A software developer has created a computer program that is writing its own wild and wacky Friends scripts.
Andy Herd, a cartoonist and software extraordinaire, has fed all the scripts of the popular ’90s sitcom into a database. Then, using what’s called a “recurrent neural —i.e. a form of machine learning—it is now outputting scripts for new episodes of the sitcom, reported the Daily Beast. It works by scanning the hundreds of thousands of words in the existing scripts to then predict the next letter after a string of other letters to create dialogue.
“It can generate stuff within minutes, but it’s barely English,” Herd told the Daily Beast.
However, every so often little nuggets of comedic gold pop out of the program, leading to lines like these:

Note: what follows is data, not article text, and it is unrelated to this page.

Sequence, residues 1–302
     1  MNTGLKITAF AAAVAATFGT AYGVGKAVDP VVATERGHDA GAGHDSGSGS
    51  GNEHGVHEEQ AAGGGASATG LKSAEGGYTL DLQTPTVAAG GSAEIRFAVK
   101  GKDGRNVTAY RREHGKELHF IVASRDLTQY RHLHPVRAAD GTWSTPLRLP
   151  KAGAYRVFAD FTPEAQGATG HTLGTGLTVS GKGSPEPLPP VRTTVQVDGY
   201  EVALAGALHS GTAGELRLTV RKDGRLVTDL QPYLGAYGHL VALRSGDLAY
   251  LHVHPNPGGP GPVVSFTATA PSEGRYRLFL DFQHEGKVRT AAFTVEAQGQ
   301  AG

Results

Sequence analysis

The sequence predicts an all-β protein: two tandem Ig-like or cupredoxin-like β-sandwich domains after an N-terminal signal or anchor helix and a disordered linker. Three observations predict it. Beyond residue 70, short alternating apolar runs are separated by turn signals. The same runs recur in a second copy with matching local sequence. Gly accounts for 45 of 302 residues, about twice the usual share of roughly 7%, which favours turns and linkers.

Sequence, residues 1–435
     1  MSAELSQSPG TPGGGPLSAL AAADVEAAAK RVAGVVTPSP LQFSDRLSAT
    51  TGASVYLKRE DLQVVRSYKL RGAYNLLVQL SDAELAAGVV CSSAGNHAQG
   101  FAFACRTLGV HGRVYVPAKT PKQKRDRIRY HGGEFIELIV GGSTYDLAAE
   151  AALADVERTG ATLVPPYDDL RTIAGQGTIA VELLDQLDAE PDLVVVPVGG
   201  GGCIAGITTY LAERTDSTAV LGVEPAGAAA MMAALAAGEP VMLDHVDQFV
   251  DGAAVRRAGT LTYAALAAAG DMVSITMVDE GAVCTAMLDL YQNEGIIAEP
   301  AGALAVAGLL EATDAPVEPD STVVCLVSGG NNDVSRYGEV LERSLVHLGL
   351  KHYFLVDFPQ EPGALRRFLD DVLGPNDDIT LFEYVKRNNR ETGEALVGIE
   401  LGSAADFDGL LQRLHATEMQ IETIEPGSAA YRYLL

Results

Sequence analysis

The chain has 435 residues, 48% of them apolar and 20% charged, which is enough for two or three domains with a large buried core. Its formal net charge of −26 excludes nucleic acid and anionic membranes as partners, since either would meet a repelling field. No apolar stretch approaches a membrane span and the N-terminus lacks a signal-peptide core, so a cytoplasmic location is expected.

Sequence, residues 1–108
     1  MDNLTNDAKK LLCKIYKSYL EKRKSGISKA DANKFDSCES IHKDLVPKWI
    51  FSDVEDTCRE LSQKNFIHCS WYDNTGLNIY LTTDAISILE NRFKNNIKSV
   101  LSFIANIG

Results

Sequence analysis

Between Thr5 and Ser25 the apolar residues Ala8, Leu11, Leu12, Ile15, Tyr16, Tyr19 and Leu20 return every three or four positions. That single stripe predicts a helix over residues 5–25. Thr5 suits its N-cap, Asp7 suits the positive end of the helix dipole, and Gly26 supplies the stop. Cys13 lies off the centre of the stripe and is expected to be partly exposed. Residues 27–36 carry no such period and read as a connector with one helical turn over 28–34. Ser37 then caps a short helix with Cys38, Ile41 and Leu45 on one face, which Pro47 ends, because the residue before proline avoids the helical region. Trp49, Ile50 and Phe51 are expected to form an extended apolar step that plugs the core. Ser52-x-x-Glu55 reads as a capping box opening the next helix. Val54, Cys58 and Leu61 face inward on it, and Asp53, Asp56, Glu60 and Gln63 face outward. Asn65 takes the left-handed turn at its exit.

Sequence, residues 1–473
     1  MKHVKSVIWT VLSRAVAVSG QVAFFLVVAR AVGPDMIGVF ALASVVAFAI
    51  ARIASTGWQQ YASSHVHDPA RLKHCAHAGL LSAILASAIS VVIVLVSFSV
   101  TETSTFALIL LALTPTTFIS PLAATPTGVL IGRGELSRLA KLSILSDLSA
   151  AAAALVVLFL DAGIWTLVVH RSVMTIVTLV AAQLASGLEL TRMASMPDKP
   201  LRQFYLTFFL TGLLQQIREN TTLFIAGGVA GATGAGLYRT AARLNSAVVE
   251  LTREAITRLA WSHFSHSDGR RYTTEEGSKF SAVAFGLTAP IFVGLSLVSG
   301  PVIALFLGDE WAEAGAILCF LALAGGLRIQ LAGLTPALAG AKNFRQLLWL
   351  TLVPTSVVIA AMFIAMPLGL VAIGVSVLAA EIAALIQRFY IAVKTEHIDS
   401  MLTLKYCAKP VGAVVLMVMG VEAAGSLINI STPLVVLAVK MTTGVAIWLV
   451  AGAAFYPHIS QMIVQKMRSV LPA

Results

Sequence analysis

Herd tweeted about the new project Monday, sharing lines from his program. The initial Tweet has generated over 4,500 retweets and 5.200 likes.
He also joked on Twitter that he could sell an improved version to a network, and “all I’d have to do is push a button and BAM, top quality sitcom fodder ready to go.”
Herd used Google’s machine learning library TensorFlow, which went open source in November, to help make his project a reality. Programs like these aren’t all new (though its use to create Friends episodes is amusingly fresh).
It’s much like cognitive computing, and IBM’s Watson computer, which uses a much more powerful system to win Jeopardy! or help doctors better find rare diagnoses. Cognitive computing systems are able to simulate human thinking patterns to recognize speech or identify items in pictures or even develop all new recipes for chefs, for example.
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